Cheap joy

Though I love to smile, enjoy a good joke, and have an ironic sense of humor,  I am somewhat suspicious about what I might call “cheap joy.”

I occasionally run into people of faith who have a really bouncy approach to their faith and seem to be always on a high. They sometimes make me uncomfortable, especially when they expect me to have the same type of cheerfulness, especially when they expect everybody to clap and shout for joy in meetings.

I sense the need for a different joy.

Today is the anniversary of the death of the Jesuit priest and poet, Gerard Manley Hopkins, in 1889.

His poetry speaks often of the glory of God in creation:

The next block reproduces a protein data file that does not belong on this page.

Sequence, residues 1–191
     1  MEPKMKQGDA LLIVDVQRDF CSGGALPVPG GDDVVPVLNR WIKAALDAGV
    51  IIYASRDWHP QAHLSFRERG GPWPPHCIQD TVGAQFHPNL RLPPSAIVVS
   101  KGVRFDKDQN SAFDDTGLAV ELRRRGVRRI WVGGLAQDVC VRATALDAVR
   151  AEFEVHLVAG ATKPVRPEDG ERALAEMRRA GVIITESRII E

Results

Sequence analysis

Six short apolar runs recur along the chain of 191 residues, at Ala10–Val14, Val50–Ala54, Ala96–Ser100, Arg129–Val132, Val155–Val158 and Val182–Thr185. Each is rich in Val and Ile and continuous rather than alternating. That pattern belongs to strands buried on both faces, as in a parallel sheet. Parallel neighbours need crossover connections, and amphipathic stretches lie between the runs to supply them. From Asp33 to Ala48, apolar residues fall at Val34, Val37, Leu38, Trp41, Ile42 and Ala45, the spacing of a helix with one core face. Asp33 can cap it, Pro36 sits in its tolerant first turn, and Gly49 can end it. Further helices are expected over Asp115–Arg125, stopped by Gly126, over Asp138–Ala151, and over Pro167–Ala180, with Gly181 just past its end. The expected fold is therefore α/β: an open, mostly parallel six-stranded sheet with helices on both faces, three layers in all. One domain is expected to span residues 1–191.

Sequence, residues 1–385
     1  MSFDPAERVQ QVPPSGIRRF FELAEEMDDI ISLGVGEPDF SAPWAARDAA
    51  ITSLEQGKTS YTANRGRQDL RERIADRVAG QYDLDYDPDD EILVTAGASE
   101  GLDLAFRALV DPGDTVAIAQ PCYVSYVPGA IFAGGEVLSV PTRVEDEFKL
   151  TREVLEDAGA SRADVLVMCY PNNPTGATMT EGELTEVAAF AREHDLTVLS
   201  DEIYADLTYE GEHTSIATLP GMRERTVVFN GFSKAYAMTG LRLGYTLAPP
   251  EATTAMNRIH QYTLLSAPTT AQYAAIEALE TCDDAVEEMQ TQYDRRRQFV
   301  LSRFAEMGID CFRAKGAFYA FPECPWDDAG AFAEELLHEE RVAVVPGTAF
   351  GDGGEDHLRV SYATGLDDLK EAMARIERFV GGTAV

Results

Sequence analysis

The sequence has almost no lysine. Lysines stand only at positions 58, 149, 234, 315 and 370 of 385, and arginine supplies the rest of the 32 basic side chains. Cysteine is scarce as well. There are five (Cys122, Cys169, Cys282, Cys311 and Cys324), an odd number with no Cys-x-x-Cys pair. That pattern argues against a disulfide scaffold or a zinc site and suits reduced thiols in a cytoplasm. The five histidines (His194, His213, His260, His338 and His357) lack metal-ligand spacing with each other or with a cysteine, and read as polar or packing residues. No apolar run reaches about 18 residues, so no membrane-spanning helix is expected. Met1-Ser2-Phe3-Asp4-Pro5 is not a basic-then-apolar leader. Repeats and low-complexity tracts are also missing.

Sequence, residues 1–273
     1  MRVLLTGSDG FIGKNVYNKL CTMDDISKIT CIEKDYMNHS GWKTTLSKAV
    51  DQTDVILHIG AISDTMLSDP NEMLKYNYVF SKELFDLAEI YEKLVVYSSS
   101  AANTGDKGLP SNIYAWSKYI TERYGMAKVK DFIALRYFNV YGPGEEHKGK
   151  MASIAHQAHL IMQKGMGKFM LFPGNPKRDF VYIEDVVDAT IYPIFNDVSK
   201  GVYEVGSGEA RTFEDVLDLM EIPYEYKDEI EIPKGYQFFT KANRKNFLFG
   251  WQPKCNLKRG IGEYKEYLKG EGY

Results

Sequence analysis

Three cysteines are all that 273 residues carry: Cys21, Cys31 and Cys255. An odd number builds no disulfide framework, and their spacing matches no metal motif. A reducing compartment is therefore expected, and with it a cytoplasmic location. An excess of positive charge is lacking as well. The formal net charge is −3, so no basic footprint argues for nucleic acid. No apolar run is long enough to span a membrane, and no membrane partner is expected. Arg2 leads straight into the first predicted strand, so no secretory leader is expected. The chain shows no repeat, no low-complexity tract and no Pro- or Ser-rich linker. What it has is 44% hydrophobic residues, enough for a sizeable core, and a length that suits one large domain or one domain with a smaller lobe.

“The world is charged with the grandeur of God”

But, he seems to have been a soul that experienced deep desolation:

 I wake and feel the fell of dark, not day.

I am gall, I am heartburn. God’s most deep decree
Bitter would have me taste:

Yet, as Robert Ellsberg notes in  All Saints, his final words were “I am so happy.”

True to the Ignatian tradition, Hopkins experienced the joy, the consolation, that is deeper than surface happiness, the joy that can be lived in the midst of pain and consolation, the joy of the Cross and Resurrection.

And so today I pray for real joy – but a joy that allows me to be with the suffering – and live within my own suffering – perhaps showing that Joy that comes, not from me, but from a God who doesn’t look at us from afar but has come among us and suffered with us.

That’s not a cheap joy.


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